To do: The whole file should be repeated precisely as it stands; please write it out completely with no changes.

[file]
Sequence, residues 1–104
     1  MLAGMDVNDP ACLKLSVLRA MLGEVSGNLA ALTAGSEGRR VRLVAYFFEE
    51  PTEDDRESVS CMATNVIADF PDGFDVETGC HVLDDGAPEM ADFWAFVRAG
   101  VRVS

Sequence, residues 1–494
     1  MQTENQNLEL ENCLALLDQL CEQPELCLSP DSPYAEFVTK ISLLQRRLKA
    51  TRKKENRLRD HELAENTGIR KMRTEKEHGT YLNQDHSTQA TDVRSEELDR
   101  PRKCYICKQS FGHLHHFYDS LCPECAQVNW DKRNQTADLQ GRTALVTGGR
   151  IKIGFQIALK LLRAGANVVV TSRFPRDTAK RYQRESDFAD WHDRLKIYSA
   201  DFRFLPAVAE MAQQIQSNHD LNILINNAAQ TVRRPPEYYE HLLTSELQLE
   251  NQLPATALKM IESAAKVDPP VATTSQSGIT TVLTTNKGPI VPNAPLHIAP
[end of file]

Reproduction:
Sequence, residues 1–104
     1  MLAGMDVNDP ACLKLSVLRA MLGEVSGNLA ALTAGSEGRR VRLVAYFFEE
    51  PTEDDRESVS CMATNVIADF PDGFDVETGC HVLDDGAPEM ADFWAFVRAG
   101  VRVS

Sequence, residues 1–494
     1  MQTENQNLEL ENCLALLDQL CEQPELCLSP DSPYAEFVTK ISLLQRRLKA
    51  TRKKENRLRD HELAENTGIR KMRTEKEHGT YLNQDHSTQA TDVRSEELDR
   101  PRKCYICKQS FGHLHHFYDS LCPECAQVNW DKRNQTADLQ GRTALVTGGR
   151  IKIGFQIALK LLRAGANVVV TSRFPRDTAK RYQRESDFAD WHDRLKIYSA
   201  DFRFLPAVAE MAQQIQSNHD LNILINNAAQ TVRRPPEYYE HLLTSELQLE
   251  NQLPATALKM IESAAKVDPP VATTSQSGIT TVLTTNKGPI VPNAPLHIAP